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Contract Termination Fees: Are They Legal?

Contract Termination Fees: Are They Legal?

Find out whether or not contract termination fees are legal and everything you need to know about them.

23rd October 2020
Reading Time: 2 minutes

Imagine yourself entering into a contract with another person to start a hand-made clothing business. You agree to purchase the necessary tools. Your business partner says he will pay 50% of the costs after you have purchased them. However, you receive a call from your business partner that he does not want to do business with you anymore and decides to back out. Can you receive any compensation from him for backing out so unexpectedly? Find out whether or not contract termination fees are legal and everything you need to know about them.

What are contract termination fees?

Contract termination fees are payments which a person makes when they want to bring an end to a contract. The contract usually outlines the obligation to pay this fee. Contract termination fees are more common when one party decides to terminate the arrangement unexpectedly. Hence, contract termination fees are often referred to as ‘early termination fees’. 

The rationale behind this fee is to provide compensation to the other party who may have already invested time, money and effort into the arrangement or venture. However, this does not mean that all contracts must have a termination fee clause. Some contracts have ‘opting-out’ provisions which allow you or the other party to terminate the agreement early without paying a termination fee. For more information on terminating contracts, see here.

Read here, to learn about terminating fixed-term contracts. 

So, are they legal?

Yes, they are legal, but a poorly drafted one can be unenforceable.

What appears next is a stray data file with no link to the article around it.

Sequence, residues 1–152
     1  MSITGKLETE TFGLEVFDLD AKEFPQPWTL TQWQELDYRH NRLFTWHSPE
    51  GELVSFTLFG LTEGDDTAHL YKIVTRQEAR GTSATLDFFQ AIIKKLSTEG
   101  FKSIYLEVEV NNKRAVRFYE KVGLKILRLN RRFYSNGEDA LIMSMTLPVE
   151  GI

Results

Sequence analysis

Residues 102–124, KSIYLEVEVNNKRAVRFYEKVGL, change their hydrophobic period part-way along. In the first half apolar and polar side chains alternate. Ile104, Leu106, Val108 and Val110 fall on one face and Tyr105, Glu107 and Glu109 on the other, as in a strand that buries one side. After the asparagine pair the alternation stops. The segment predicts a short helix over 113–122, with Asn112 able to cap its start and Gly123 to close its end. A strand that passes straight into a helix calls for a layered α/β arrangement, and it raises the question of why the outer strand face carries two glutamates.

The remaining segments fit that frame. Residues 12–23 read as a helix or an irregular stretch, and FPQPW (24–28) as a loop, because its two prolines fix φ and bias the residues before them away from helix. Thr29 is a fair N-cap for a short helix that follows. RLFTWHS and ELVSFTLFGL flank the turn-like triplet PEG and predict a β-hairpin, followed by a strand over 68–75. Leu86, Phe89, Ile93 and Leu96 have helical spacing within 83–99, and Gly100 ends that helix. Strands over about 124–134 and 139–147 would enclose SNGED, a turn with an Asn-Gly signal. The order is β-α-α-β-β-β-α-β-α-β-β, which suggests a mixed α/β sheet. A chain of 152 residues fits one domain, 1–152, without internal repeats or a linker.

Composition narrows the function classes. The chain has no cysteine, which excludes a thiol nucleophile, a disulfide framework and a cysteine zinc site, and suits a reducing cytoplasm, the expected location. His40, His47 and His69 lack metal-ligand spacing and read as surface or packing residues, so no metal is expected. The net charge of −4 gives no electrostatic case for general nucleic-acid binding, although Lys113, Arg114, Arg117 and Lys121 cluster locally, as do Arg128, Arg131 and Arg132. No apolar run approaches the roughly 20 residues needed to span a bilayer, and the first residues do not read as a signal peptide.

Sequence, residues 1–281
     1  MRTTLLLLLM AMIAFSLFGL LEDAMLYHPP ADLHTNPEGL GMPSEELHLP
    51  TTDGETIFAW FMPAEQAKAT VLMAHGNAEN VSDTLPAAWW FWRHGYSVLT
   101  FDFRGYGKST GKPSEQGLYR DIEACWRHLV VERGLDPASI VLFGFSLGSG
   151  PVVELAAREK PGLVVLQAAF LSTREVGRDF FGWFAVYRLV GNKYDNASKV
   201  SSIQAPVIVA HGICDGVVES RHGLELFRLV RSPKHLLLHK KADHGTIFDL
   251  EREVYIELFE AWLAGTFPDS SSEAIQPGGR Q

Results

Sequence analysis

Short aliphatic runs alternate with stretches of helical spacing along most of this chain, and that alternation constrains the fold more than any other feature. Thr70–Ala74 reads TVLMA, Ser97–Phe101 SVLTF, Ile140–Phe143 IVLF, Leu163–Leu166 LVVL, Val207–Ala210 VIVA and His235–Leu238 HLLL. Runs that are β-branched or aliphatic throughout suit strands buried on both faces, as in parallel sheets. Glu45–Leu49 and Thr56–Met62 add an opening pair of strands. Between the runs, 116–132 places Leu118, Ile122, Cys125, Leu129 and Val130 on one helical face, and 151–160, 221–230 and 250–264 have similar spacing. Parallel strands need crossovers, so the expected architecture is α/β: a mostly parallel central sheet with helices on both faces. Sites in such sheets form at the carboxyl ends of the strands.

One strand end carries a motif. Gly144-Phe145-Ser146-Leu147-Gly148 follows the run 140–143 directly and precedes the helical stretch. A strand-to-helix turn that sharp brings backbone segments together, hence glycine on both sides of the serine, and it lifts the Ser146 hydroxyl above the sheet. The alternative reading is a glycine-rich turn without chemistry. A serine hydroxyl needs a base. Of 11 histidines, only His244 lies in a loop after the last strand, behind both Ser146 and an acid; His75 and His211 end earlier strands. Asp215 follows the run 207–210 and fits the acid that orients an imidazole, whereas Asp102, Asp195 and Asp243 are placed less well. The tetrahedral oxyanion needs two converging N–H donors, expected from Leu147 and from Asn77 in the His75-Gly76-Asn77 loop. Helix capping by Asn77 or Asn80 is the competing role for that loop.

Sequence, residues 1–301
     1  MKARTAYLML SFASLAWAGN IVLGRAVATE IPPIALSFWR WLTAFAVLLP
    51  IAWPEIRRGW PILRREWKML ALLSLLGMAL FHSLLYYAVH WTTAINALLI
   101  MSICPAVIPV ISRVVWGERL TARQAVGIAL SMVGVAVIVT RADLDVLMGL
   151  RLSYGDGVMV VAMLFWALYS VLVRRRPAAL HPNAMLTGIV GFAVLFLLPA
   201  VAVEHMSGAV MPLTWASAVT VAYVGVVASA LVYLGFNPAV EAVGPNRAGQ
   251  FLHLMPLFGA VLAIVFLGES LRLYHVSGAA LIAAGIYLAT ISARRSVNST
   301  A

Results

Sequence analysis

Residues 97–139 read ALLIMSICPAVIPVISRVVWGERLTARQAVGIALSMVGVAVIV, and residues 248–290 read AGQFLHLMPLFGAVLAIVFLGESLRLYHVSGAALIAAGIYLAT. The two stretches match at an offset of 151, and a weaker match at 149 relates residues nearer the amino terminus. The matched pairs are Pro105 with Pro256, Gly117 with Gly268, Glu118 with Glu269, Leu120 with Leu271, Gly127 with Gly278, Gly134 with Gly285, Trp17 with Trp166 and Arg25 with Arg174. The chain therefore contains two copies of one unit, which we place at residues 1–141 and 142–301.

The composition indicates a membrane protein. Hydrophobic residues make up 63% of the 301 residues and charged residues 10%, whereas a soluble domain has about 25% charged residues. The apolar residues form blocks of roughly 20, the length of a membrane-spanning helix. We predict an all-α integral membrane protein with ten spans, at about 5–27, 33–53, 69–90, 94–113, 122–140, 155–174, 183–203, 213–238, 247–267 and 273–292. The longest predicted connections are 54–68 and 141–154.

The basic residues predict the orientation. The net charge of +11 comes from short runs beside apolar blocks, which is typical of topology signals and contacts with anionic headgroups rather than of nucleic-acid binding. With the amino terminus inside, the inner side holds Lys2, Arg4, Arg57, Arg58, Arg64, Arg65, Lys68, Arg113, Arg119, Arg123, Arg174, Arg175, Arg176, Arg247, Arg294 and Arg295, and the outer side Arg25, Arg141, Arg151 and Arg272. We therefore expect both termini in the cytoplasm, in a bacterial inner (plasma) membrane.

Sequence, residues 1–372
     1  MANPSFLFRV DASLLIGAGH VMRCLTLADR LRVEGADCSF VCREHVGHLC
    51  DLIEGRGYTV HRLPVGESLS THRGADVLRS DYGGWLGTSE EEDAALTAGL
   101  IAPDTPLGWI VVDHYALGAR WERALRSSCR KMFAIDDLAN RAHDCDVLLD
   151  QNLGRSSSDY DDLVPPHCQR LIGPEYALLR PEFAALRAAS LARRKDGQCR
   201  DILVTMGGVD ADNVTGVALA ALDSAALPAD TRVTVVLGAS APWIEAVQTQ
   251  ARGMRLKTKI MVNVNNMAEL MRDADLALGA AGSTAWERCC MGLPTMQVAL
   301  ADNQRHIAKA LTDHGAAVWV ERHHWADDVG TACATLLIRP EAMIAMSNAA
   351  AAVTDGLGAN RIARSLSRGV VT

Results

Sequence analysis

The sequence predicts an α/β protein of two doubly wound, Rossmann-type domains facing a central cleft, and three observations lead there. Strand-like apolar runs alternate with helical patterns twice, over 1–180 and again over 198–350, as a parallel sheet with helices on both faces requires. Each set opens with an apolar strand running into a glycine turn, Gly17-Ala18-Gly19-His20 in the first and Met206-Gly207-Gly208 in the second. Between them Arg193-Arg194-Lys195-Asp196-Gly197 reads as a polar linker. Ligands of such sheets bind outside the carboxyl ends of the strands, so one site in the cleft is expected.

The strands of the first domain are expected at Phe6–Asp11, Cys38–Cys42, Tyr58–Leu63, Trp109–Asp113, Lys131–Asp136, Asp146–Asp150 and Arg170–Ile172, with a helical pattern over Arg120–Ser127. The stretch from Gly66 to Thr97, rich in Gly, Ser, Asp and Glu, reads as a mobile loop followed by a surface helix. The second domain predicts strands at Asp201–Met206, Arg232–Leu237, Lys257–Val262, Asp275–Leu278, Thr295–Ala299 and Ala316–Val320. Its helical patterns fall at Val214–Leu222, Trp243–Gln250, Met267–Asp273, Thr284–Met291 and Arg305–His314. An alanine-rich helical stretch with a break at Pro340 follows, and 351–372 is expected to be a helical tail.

It becomes problematic when the person paying the termination fee doesn’t know that the obligation to pay is in the contract or that the other party has added the term into the agreement without their knowledge. According to the Australian Competition and Consumer Commission (ACCC), these are classic examples of when a contract termination fee is unfair. Suppose a person can add a clause into the contract without the other party’s knowledge. In that case, there is a fundamental imbalance between your rights and theirs. As a result, it is essential to get the drafting of the contract right before you sign it.  

What if your contract termination fee is unfair?

If your contract termination fee is unfair, it may be unenforceable. In other words, you cannot force the other party to pay the fee if they choose to end the contract early. Suppose the other party decides to dispute whether or not the termination fee clause is enforceable. In that case, you could be fined by the ACCC for not complying with the Australian Consumer Law.

How to ensure that they are legal?

We recommend that:

  1. both parties to the contract must know that the early termination fee exists;
  2. both parties, including the person paying the fee, understand what a contract termination fee is, the amount required and how the fee is calculated; and
  3. the termination fee must represent genuine pre-estimate of loss. This will depend on how early the contract is terminated and your business structure. 

Need further assistance?

You must draft these clauses correctly to enforce them. We recommend you seeking legal advice from our lawyers to ensure this and to check whether your existing contract termination fee is fair. 

Don’t know where to start?
Contact a Lawpath consultant on 1800 529 728 to learn more about customising legal documents and obtaining a fixed-fee quote from Australia’s largest legal marketplace.

Author
Chloe Yoo

Chloe is a Legal Technology Intern at Lawpath. She is currently studying a Bachelor of Laws/International Relations at Bond University. She is interested in Intellectual Property Law, Entertainment Law and how the law develops in the face of technological innovation.